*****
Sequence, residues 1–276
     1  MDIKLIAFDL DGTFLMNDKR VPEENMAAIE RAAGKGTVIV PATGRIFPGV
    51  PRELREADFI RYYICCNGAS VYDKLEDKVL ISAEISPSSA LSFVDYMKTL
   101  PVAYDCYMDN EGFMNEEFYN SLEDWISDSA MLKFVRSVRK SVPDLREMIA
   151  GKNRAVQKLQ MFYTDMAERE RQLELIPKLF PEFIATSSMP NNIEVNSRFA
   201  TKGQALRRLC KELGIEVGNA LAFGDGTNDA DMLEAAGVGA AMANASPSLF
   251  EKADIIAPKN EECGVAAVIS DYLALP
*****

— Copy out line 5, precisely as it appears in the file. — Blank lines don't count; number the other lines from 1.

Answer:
   151  GKNRAVQKLQ MFYTDMAERE RQLELIPKLF PEFIATSSMP NNIEVNSRFA